I want to take a moment to talk about the nature of fear – so please take a moment to remember that film series ‘A Nightmare on Elm Street’…because this is one of my personal favourite motivating metaphors in life, as odd as that may sound.

So Freddy Krueger is a terrible monster with blades for fingers, who visits you in your sleep and kills you in vividly gruesome ways.  Not just that but he even laughs and jokes about it, as he does it.  And some of the audience think it’s pretty funny, too.

Freddy is a classic example of the irrational fears that can strike us all.  And just as the children learn in those films…the only way to kill that fear is to stand up to it.  It gets off on hurting us, and many people around you won’t understand why it’s so horrible for you.  Some may even tease you for it and think it’s all a big joke.  It’s all down to you to stand up for yourself.

The key is always to remember that these thoughts we have are just that: thoughts.  They can’t do anything to us.  We are the ones who give them all their power.  It is up to us to say, ‘You’re nothing.  You’re not real.  You don’t scare me.’  Only then will they give up and leave us alone.  In the movies, this is called becoming a ‘dream warrior’.

OCD is a terrifying experience.  Many of us have awful violent thoughts, gruesome enough to rival the movies.  Many are so afraid of these thoughts, afraid they might carry out these visions, that they can’t leave the house or be around people.  Many are dropping out of life because the fear is devouring them.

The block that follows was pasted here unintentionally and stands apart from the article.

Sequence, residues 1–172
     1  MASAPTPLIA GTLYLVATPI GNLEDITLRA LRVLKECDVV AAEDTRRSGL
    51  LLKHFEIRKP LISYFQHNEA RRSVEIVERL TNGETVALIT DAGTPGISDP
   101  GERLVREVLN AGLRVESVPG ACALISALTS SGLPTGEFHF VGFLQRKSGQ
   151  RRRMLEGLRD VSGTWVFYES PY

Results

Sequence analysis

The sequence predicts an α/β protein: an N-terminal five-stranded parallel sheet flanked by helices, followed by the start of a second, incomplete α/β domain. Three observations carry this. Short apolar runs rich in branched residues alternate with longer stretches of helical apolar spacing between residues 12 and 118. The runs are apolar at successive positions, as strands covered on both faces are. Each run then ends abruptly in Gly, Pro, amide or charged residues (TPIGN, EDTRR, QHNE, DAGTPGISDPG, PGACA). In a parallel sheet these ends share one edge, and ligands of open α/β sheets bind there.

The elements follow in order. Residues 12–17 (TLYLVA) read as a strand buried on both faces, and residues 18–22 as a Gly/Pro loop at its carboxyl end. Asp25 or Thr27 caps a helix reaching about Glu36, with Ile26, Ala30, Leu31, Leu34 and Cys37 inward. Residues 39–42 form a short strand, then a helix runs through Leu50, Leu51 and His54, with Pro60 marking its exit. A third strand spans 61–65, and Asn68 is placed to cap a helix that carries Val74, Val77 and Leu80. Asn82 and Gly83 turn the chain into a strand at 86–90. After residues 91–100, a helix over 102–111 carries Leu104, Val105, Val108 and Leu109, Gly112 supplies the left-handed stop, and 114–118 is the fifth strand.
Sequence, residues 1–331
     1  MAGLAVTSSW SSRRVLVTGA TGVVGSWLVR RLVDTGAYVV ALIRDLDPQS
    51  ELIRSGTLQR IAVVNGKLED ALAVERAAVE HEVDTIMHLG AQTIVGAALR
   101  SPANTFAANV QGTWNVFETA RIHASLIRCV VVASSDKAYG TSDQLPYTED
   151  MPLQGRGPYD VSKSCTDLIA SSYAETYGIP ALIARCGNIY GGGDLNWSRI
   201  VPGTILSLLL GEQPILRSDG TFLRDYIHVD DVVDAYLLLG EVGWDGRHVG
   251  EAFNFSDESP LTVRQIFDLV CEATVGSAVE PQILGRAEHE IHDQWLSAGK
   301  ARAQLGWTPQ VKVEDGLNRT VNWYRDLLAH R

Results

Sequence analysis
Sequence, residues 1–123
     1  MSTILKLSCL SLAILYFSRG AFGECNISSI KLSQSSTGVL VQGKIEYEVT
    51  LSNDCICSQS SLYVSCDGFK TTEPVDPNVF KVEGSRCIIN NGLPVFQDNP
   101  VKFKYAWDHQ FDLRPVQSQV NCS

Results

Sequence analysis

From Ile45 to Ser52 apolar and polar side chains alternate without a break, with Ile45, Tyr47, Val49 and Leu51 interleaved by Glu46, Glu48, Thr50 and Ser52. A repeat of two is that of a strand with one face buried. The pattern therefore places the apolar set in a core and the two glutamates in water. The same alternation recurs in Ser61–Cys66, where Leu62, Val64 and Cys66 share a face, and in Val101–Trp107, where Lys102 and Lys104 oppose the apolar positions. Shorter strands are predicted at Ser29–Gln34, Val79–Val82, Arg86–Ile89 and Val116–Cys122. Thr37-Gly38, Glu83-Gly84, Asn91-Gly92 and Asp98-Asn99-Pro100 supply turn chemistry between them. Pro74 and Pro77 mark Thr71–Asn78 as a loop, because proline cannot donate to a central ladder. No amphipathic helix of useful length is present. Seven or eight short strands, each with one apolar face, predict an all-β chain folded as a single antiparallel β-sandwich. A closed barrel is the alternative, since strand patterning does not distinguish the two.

READ MORE  The Roots & Causes of OCD

Don’t let this fear win.  It’s a horrible monster made of your own fantasy, undead and not quite human, and it wants to destroy you.  But it’s NOT REAL.  It’s time we all start to learn this and believe it.  It’s time we took back our lives and started fighting back.  It may have power but, like the ‘dream warriors’, we have power too.  We can make that fear afraid.

Next time, I’ll discuss some of the ideas surrounding the roots of OCD, so please remember to subscribe to the feed.

Vrinda Pendred, Editor & Founder of Conditional Publications

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  1. George Pendred says:

    Fears are like vampires. . . You shine a light on them and they crumble to dust. x x x

  2. George Pendred says:

    Some say that hope and fear are different facets of the same problem. They both happen when you feel utterly powerless to affect something. For example – most of us dont ‘hope’ we are going to eat tomorrow, because we know that we will.
    So, bearing this in mind, in potentially fearful situations, some people would say that it is up to us to make the choice between hope and fear.
    However, my view is that both of these stances (hope and fear) have the potential to be equally exhausting. Don’t get me wrong, we absolutely need our hope and our fear, but in the case of IRRATIONAL fear associated with ocd, I think there is a third choice we should aim for. . . acceptance.
    (am I leaving too many comments?)

  3. admin says:

    Not at all – loving your insights here! And I suppose ‘acceptance’ is what I was talking about in the original post – acceptance of what it is, and that knowledge making it lose its power.

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